Tesco's financial forecast could change almost "overnight" given the sheer size of the company, a London court was told on Tuesday (10 October).

Nicholas Purnell QC, for the defence, told Southwark Crown Court that in March 2014 the retailer's finance team had forecast a monthly sales shortfall of £108m, only to then lower the figure by £32m a day later.

Purnell made the comments as he was questioning Amit Soni, a former Tesco accountant who alerted the company's senior management over a £250m profit misstatement three years ago.

In September 2014, Britain's largest retailer revealed it had previously overstated its profits by £263m (€297m), which it later revised up by £63m.

A month later, the Serious Fraud Office (SFO) launched an inquiry into the profit overstatement case and, in March of this year, Tesco agreed to pay a £129m fine after reaching a deferred prosecution agreement with the SFO.

In September last year, the SFO charged three former executives - Christopher Bush, ex-managing director of Tesco UK, Carl Rogberg, the ex-finance director, and John Scouler, the former commercial director - in connection with the profit overstatement at the retailer.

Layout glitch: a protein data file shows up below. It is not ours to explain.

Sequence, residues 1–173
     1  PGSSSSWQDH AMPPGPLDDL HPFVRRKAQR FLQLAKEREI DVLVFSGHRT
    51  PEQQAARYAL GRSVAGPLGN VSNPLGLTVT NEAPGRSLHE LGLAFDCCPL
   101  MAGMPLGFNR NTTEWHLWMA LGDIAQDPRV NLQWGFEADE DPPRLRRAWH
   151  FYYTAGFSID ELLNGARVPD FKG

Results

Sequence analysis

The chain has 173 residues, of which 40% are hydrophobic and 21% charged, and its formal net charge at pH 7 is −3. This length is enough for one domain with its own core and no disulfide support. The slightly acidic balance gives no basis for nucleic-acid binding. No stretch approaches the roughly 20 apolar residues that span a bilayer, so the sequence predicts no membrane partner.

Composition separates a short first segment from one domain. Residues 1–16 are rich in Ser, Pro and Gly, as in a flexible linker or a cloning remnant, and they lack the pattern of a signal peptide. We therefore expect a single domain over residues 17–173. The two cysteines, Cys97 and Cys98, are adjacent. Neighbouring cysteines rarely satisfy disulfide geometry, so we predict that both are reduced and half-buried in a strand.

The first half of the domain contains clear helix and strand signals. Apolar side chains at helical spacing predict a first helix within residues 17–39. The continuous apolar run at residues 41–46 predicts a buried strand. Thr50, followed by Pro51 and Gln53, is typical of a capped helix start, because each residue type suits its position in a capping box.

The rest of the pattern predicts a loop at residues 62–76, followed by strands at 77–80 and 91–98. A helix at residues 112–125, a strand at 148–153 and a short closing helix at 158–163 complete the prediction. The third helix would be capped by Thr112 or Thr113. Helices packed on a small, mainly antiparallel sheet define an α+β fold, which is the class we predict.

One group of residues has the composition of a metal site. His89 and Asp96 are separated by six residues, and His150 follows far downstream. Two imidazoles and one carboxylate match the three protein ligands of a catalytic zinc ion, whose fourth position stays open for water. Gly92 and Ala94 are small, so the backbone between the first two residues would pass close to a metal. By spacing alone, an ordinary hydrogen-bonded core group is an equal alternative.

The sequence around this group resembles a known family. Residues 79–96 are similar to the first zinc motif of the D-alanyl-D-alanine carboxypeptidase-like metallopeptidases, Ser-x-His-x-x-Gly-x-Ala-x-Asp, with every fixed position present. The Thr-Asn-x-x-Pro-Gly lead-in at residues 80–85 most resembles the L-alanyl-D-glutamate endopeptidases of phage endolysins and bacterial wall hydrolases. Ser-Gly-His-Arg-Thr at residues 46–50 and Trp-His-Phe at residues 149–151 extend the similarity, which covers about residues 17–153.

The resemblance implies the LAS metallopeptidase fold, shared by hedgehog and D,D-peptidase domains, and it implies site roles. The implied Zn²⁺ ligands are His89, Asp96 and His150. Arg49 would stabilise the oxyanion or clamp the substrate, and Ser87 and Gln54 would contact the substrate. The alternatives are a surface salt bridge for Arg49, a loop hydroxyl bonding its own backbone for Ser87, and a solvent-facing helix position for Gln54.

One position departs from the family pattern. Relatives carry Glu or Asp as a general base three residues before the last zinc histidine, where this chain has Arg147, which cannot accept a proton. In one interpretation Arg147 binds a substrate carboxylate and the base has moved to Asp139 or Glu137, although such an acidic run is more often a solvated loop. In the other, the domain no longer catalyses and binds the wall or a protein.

Soni sent an email to Rogberg in March 2014, in which he pointed out the retailer's actual result for "period 1" in the 2014-15 financial year and its budget had narrowed from £108m to £75.6m a day later, as more data became available.

"I'm not criticising Mr Soni," said Purnell. "I'm simply pointing out it can move overnight from £108m to £75.6m. I'm pointing out what can happen in a business as complex as Tesco."

Following Soni's warning, Tesco opted to disclose the profit overstatement to the London Stock Exchange, which subsequently led to over £2bn being wiped off the stock value of Britain's largest retailer.

Last week, Sasha Wass QC, a lawyer for the SFO, told the court that members of Tesco's UK finance and commercial teams had repeatedly reiterated the retailer would not meet its intended targets.

The court was told that, along with Bush, Rogberg was a "major driving force" in covering up the accounting scandal as he allegedly insisted Tesco would have to meet its profit targets anyway.

All three former executives deny any wrongdoing and have pleaded not guilty. The trial, which is expected to run for another 12 weeks, continues.